- The Washington Times - Thursday, October 30, 2003

The swagger and speed are similar. They even play similar roles and deliver equally jarring hits.

Maryland linebacker Shawne Merriman met Washington Redskins linebacker LaVar Arrington in 2000 when Merriman played at Douglass High School in Croom, where Arrington’s younger brother attended. Arrington became the mentor and Merriman the star pupil. Now Merriman is emerging as one of the Terrapins’ playmakers on the nation’s No.5 scoring defense.

“Sometimes we laugh at each other that we walk, talk and act just alike,” Merriman said. “It wasn’t hard to get to know each other.”

Merriman has the same lightning speed to the quarterback that made Arrington the Redskins’ third overall selection in 2000. Three steps melt into one stride. A quarterback suddenly becomes another of Merriman’s “Lights Out” victims illustrated by a tattoo of a finger turning off a light switch on his right forearm.

“I was just talking to LaVar about who has the best closing speed. I do,” Merriman said. “Sometimes I have such a good stride I can run anybody down.”

Merriman’s five sacks are third most in the ACC. He can play at the line as a pass-rushing end or drop into pass coverage with equal success. The tweener “LEO” position is a key in the Terps’ defense that counters balanced offenses like North Carolina tomorrow at Byrd Stadium. Merriman’s 10 quarterback hurries tie end Kevin Eli for the team lead.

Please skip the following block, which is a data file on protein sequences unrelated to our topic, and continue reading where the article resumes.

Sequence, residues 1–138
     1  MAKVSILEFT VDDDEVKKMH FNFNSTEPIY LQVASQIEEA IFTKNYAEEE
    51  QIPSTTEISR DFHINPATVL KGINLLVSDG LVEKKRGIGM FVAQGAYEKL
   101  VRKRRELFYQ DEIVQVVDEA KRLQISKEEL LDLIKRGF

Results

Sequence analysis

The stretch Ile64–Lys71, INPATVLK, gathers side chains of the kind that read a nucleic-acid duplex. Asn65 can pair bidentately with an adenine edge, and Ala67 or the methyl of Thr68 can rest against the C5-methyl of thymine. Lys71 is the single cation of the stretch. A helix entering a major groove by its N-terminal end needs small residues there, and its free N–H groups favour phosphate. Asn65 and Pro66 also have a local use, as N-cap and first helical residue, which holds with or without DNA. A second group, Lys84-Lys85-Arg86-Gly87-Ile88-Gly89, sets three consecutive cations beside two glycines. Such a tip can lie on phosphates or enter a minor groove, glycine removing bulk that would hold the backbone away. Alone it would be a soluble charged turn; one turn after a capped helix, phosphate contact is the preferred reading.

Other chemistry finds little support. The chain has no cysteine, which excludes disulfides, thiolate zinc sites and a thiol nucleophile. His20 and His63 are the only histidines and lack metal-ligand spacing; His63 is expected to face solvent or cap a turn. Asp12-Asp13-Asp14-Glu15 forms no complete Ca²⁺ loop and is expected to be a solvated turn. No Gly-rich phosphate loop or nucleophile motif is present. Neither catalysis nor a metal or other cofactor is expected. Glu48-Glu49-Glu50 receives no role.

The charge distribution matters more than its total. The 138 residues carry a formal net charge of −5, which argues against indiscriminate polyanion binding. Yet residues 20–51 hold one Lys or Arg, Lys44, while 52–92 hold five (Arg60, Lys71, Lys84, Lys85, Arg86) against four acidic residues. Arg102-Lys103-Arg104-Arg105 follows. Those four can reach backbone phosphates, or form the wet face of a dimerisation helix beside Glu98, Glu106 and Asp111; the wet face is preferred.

Merriman is only a sophomore, but coach Ralph Friedgen believes he could emerge as the team’s best player.

“I don’t think we’ve seen the best of Shawne,” Friedgen said. “The position he plays is so hard to find. You have to find a guy that’s good enough to take on a 300-pound offensive tackle to stop a run and fast enough to cover a wide receiver. He has an uncanny knack of timing a quarterback’s pace and jumping up and knocking down a pass. By the time he’s finished here, he’s going to be a great player if he continues to progress.”

Arrington is among Merriman’s admirers. The two spent the summer working out together with both weighing 253 pounds and Merriman one inch taller at 6-foot-4. Arrington regularly calls with tips, mostly constructive criticism.

“Shawne’s a specimen and he’s got the heart,” Arrington said. “A lot of times you can have potential, but if you don’t have the heart to go with your talent, I don’t know how far you can go. But he’s got a lot of heart, a lot of desire. I think he’ll be all right. Maybe we’ll get him one day.”

The phone calls aren’t always positive, though. Merriman said Arrington provides the harsh truth at times.

“LaVar is a friend who has been at this level, so he gives me a lot of pointers,” Merriman said. “He doesn’t give me too much credit. It’s not always what I want to hear. He helps me mentally to stay focused. If we lost or didn’t play well, he tells me to keep doing what I’m doing.”

Said Arrington: “I watch him every time he’s out there. I just tell him to hang in there.”

Merriman plans to remain at Maryland for his final two seasons but acknowledges that he dreams of playing with Arrington in the NFL.

“Anybody who says they don’t think about playing in the NFL isn’t telling the truth,” Merriman said. “You have to concentrate on coming out here every day to get better.”

Staff writer Jody Foldesy contributed to this report.

Copyright © 2019 The Washington Times, LLC. Click here for reprint permission.

The Washington Times Comment Policy

The Washington Times welcomes your comments on Spot.im, our third-party provider. Please read our Comment Policy before commenting.


Click to Read More and View Comments

Click to Hide